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A growing need has emerged in emergency managers and city officials for a rapid seismic performance assessment (i.e. within few minutes) of large inventories of buildings in urban areas. The information obtained has to be a valuable tool capable of identifying structural and non-structural damage. The objective of Performance-Based Seismic Design (PBSD) is to assure an adequate building performance through the accomplishment of limit states defined along with the importance and function of the structure. For instance, after a seismic event, critical facilities are expected to remain in operational or at immediate occupancy level. Therefore, for this critical infrastructure it is necessary to estimate, among others, peak floor acceleration (PFA) demands and its distribution along the building height because it is well correlated with the seismic performance of supports and attachments of building contents. On the other hand, for less critical infrastructures, structural and non-structural damage is tolerated in life safety and collapse prevention levels, only if no structural collapse happens. In order to achieve the desired performance, it is useful to identify the required lateral stiffness. This parameter is related to the maximum interstorey drift ratio (MIDR), which is the result of lateral deformations that occur from relative displacement between consecutive floors. Mid-rise and high-rise buildings can be considered critical because they provide vital services to the functioning of a city such as hospitals, communication towers or government facilities. However, potential losses in more common buildings (i.e. offices or commercial) should not be underestimated because they can concentrate an important density of population. As a result, seismic events can produce large economic losses concentrated within a single building. Given that 75% of the construction cost is associated to non-structural components (Mondal and Jain,2005), it is also important to obtain an accurate prediction of seismic damage on them. It is known that, the shaking experience by a user in a high-rise building will be completely different from the one on the ground and varies according to the dynamic features of the structure. For example, during the Mw 9 Tohoku earthquake in Japan on 2011, ground motions were amplified by a factor of 3.5 at the roofs of some of the tall buildings (Cheng et al., 2014) causing severe distress on the occupants who did not know which actions to take on such a strong event. Usually, the procedure of obtaining the dynamic behaviour of a structure, is through a finite elements modelling approach along with an eigenvalue analysis. However, when the analysis is needed for a wide portfolio of buildings with different structural systems, this procedure is expensive and time-consuming. In order to address this issue, Miranda (1999) has developed a multiple degree of freedom (MDOF) model that is able to estimate displacement and acceleration demands for structures which remain elastic with a small number of parameters. The response is obtained in terms of engineering demand parameters (EDP) which has the highest level of information available of a structure. This robust and fast method produces relatively good results with a small amount of information and computational effort and is useful for rapid evaluation of existing buildings. Other models with non-linear characteristics such as Xiong et. al (2016) and De Luca (2014) are time consuming and should be used in case of the specifics of the analysis requiring them (e.g. extensive structural damage and non-linearity). The Miranda´s linear-MDOF model is an equivalent continuum structure which combines a flexural and a shear cantilever beam which, along the length, (both beams) undergo similar lateral deformations because they are connected by an infinite number of axially rigid member which transmit horizontal forces. Figure 2.6 present a scheme.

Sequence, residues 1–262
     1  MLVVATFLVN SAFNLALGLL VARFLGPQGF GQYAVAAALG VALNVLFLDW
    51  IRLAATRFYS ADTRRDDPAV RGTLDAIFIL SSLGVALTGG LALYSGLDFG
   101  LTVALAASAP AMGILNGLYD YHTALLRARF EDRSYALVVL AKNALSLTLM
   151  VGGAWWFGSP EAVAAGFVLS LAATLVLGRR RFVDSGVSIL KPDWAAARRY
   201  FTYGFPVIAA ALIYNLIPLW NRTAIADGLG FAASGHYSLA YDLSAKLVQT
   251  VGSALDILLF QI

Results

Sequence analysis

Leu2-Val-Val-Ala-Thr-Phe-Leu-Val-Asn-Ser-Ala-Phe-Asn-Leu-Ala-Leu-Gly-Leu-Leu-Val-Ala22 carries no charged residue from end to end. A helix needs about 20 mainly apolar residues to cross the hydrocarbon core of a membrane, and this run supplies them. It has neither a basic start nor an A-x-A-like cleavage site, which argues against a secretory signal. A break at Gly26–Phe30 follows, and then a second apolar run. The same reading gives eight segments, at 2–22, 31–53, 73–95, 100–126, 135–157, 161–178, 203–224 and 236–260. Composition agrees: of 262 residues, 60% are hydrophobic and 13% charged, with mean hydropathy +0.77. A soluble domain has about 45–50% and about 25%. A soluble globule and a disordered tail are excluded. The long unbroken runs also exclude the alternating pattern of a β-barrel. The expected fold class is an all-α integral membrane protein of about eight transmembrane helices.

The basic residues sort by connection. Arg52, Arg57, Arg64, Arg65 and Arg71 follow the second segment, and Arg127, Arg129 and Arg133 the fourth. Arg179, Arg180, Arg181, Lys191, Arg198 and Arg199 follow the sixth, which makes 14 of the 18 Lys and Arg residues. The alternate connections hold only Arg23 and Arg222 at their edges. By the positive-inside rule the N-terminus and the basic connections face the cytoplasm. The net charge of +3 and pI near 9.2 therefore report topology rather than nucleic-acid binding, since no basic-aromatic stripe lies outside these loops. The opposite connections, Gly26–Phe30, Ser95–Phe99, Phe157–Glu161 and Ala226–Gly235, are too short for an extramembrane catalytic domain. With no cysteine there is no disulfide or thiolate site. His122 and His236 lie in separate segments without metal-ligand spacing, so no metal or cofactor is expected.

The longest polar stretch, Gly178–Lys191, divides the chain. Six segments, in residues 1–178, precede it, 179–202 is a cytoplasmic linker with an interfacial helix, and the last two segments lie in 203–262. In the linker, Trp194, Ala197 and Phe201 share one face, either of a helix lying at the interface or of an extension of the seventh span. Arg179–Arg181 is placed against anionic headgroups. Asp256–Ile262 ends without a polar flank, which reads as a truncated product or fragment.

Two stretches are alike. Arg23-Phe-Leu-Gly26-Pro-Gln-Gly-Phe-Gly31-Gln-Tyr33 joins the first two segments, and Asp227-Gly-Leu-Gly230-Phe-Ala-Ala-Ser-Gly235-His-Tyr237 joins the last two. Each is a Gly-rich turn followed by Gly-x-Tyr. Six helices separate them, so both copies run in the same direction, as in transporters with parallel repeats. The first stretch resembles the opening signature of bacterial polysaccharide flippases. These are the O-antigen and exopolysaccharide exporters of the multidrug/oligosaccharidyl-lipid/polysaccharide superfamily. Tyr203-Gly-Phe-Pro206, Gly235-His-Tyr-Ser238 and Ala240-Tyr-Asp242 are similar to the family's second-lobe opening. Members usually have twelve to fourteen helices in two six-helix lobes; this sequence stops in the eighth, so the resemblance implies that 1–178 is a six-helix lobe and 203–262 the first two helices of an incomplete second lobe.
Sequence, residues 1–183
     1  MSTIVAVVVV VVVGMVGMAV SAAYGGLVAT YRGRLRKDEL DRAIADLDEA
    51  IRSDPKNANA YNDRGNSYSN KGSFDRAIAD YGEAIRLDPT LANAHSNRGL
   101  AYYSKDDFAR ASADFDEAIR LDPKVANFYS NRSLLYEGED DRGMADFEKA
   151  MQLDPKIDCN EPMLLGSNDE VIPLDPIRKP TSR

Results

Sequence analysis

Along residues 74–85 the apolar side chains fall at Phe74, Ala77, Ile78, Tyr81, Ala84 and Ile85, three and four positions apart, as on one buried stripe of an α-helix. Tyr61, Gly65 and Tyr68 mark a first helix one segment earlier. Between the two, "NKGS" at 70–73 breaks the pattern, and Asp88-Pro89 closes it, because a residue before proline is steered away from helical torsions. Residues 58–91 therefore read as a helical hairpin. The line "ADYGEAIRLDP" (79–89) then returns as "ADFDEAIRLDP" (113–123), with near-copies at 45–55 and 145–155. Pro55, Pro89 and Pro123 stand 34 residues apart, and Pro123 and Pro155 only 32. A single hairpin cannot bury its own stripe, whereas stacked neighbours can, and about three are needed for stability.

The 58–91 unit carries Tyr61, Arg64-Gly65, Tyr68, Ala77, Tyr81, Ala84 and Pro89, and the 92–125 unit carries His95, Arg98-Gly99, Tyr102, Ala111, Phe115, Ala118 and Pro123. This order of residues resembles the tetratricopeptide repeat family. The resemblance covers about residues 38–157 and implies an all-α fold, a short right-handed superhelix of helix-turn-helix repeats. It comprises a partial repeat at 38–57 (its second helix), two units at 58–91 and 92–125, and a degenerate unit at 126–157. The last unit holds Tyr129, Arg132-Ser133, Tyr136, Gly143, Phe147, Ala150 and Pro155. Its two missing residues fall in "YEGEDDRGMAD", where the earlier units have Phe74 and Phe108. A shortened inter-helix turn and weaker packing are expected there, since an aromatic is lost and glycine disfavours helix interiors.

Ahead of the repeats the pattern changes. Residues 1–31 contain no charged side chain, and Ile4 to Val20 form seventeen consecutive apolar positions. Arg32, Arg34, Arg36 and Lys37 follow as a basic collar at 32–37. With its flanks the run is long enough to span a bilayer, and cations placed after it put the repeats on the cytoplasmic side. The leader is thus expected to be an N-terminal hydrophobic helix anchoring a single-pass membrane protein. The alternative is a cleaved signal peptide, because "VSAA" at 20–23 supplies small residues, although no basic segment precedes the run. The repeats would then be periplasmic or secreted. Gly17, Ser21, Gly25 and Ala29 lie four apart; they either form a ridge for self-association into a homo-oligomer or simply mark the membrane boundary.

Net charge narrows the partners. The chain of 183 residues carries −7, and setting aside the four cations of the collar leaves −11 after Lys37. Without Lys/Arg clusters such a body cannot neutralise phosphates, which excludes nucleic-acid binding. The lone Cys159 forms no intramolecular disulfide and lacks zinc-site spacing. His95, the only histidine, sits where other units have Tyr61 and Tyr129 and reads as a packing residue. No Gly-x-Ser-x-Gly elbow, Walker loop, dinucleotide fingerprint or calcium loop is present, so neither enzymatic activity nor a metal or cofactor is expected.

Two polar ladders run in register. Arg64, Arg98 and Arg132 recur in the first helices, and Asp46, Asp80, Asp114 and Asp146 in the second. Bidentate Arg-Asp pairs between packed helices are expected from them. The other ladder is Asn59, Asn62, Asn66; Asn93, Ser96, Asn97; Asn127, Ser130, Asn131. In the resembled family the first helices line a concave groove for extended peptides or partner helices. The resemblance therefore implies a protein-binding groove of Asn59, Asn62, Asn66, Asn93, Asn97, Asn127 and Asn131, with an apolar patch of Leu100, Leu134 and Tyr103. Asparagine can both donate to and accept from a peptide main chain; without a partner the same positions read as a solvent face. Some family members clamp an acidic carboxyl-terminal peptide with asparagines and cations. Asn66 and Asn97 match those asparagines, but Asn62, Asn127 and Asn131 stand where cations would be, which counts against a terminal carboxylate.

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Multi-storey buildings frequently present a uniform mass and for economic reasons the columns are reduced in the final stories. Miranda and Reyes (2002) have shown that if no abrupt reduction occurs, this effect can be neglected for the dynamic characteristics of the model. As a result, masses and lateral stiffness are assumed to remain constant along the height. The response spectrum is based on an SDOF system which provides an approximate response of acceleration demands on structures. However, it cannot provide maximum interstorey drift demands, which are better related to the structural damages. Iwan (1997) overcame these limitations by introducing the drift spectrum which represents more accurately deformations of multi-storey buildings but it was not implemented broadly because a specialized expertise in wave propagation was needed. Miranda and Akkar (2006) proposed a simpler method called the generalized interstorey drift spectrum (GIDS) that considers shear and flexural deformations based on Miranda (1999) model. Combined with the conventional modal analysis presented by Miranda and Taghavi (2005).